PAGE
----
//Marad bail conditions are miscarriage of justice

Marad bail conditions are miscarriage of justice

KOCHI, February 25, 2008

Marad bail conditions are miscarriage of justice

Women narrate trauma at Public hearing headed by Justice Suresh

NCHRO concern at free hand to Sangh Parivar in Orissa

A Public hearing headed by former Mumbai High Court Justice H. Suresh, human rights activist Dr John Dayal and CHRO Chairperson A Vasu has criticized as a ‘miscarriage of justice’ the Kerala High Court conditions for grant of bail to 30 of the 139 Muslims currently in Kozhikode district jail facing trial for their alleged involvement in the death of nine persons killed in the second of twin communal incidents in the Marad fishing village five kilometers from the city if Kozhikode.

Kerala High Court Justice R Basant had last month set a bail of Rs  6.00 Lakh for each person through three sureties of Rs 2.00 lakh each, and further conditions that one surety must be a close relative and that the under trials live within three kilometers of the Special trial court in the city.

“These are impossible conditions and affectively mean a denial of bail to the incarcerated fishermen who are poor, whose wives and mothers have barely enough food for survival and have no employment,” justice Suresh said on behalf of the Public hearing jury. The families cannot afford three sureties of Rs 2.00 lakh, nor can they uproot themselves and find living accommodation in Kozhikode city town within the stipulated distance. The situation remains communally charged and all too often, members of the Sangh Parivar attempt to coerce he victims and he justice delivery systems by carrying out agitations against the minority community.

Quoting legal luminaries including former Supreme court judge V R Krishna Iyer, Justice Suresh said in cases of long trials, the courts should support bail rather than jail in the interests if justice.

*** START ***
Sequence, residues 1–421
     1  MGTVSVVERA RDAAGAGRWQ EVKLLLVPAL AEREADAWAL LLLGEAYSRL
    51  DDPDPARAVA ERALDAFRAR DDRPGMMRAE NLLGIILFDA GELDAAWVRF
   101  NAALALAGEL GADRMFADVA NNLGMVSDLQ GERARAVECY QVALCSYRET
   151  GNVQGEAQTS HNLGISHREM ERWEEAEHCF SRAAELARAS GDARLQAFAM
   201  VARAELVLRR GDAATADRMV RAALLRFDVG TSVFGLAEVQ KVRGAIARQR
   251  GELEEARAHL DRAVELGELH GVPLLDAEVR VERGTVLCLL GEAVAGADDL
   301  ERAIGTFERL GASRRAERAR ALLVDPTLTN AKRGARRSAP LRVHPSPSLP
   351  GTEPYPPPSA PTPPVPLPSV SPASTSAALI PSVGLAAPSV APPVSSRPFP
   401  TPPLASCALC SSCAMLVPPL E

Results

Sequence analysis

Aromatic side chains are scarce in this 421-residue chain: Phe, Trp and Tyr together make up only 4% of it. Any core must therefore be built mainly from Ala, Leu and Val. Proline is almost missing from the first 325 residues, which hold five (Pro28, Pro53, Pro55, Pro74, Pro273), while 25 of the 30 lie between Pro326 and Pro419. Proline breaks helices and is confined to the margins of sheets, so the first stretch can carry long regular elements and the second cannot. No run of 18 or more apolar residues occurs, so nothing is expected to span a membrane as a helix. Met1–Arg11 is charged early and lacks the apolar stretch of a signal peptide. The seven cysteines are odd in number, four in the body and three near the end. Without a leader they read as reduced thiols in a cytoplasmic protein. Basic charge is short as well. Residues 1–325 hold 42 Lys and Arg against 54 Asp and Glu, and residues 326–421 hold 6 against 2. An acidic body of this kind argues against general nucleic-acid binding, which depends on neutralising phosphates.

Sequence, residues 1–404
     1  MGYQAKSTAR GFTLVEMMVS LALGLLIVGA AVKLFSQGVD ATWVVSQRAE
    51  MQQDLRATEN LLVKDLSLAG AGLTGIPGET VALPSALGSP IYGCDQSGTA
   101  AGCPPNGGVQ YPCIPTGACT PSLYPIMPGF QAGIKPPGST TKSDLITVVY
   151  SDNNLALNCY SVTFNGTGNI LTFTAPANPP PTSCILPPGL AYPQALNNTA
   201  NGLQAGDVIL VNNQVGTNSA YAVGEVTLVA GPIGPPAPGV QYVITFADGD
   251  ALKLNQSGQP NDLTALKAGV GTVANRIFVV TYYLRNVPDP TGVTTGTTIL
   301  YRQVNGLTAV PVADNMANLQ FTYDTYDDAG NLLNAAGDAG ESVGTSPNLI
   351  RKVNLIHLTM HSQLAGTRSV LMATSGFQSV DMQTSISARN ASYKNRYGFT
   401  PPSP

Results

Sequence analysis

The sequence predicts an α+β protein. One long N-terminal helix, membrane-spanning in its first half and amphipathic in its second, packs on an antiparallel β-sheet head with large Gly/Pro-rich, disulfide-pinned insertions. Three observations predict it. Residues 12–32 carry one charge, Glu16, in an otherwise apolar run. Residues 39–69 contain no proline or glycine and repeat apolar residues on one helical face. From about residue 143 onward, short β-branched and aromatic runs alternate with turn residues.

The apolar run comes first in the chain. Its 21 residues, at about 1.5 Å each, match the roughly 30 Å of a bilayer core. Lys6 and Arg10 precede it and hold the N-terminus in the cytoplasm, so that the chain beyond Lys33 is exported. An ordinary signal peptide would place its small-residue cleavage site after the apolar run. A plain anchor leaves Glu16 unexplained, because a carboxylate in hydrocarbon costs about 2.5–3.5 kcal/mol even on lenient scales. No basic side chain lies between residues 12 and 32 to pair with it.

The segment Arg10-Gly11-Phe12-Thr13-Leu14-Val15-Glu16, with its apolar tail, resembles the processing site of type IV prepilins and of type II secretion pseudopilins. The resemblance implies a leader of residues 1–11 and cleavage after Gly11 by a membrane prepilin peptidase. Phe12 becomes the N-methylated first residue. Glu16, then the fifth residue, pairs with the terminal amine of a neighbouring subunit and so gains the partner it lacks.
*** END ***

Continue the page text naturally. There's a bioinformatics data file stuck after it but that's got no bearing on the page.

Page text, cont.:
Over 50 women of Marad came to the Kozhikode hall where the hearing was being held, the first time such a large number of veiled women had appeared in a public Human rights process. The Marad cases are of the killing of three Muslims and two Hindus in an incident in the village after a local altercation. Subsequently, a group of people massacred eight Hindus — and a Muslim was also killed — in what was believed to be revenge violence. 139 Muslims men and six boys were arrested.

The women, wives and mothers of under trials of the 2003 communal violence, told the Public hearing headed by Justice Suresh  of their harrowing experience since their male relatives were taken into custody while some of them were actually praying in a  local mosque. The women also complained of irrational and inequitable official behaviour in the matter of relief and rehabilitation.

In their remarks, Justice Suresh and Dr John Dayal also expressed concern at the voices heard from the highest courts in the land which were posing grave restrictions on Human rights and civil society movements and activists. This posed a danger to the dignity and rights of the Indian citizen and their need to be heard when faced with injustice, tyranny, complicity of official machinery and immunity that seemed to be enjoyed by the police forces who had been now given the license to kill in the guise of containing terrorism and extreme left activities ins several states.

We do not condone violence by any group. We also do not condone extra judicial violence by the state machinery clothed as encounters, custodial deaths and disappearances of young men and women lifted from their homes in searches that extend through a wide swatch of India including the states of Bihar, Orissa, Jharkhand, Chhattisgarh, Gujarat, Maharashtra, Karnataka, Andhra ad even parts of Kerala.

We also abhor the tendency of communalize poverty, and to indict social movements and protests against exploitation.

The Higher judiciary must recall the Golden Age of the Supreme Court which had such luminaries as Justices Bhagwati and Krishna Iyer whose judgments enlarged the field of human rights and human dignity not only in India but across the world.

Referring to the incidents in Orissa, Dr Dayal condemned the immunity apparently accorded by the State government to the Sangh Parivar which is in absolute control of the governance. The condition in the refugee camps continues to be pitiable, especially for women. The Christian community continues to face a daily threat.  The Centre and State government must act immediately in this matter, bring the culprits to book irrespective of their political and religious affiliations and ensure that peace and communal harmony based on justice and the Constitution of India is restored.

Released to the media by Dr Abdul Salam, Secretary, National Confederation of Human Rights Organisations. Mobile 9847320011.